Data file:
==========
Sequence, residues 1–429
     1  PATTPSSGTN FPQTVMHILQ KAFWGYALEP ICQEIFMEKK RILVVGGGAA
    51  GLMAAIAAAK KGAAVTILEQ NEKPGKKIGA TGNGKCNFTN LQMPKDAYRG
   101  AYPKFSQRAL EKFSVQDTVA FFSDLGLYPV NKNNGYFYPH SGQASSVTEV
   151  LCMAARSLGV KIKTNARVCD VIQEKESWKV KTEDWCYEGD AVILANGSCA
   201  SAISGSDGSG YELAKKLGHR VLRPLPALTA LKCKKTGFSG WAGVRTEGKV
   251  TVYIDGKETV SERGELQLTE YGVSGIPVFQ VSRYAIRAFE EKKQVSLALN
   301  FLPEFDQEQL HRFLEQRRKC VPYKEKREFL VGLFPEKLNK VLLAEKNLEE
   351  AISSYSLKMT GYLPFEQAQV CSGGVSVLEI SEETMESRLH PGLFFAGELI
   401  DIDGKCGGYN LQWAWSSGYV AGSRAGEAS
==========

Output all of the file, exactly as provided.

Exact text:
Sequence, residues 1–429
     1  PATTPSSGTN FPQTVMHILQ KAFWGYALEP ICQEIFMEKK RILVVGGGAA
    51  GLMAAIAAAK KGAAVTILEQ NEKPGKKIGA TGNGKCNFTN LQMPKDAYRG
   101  AYPKFSQRAL EKFSVQDTVA FFSDLGLYPV NKNNGYFYPH SGQASSVTEV
   151  LCMAARSLGV KIKTNARVCD VIQEKESWKV KTEDWCYEGD AVILANGSCA
   201  SAISGSDGSG YELAKKLGHR VLRPLPALTA LKCKKTGFSG WAGVRTEGKV
   251  TVYIDGKETV SERGELQLTE YGVSGIPVFQ VSRYAIRAFE EKKQVSLALN
   301  FLPEFDQEQL HRFLEQRRKC VPYKEKREFL VGLFPEKLNK VLLAEKNLEE
   351  AISSYSLKMT GYLPFEQAQV CSGGVSVLEI SEETMESRLH PGLFFAGELI
   401  DIDGKCGGYN LQWAWSSGYV AGSRAGEAS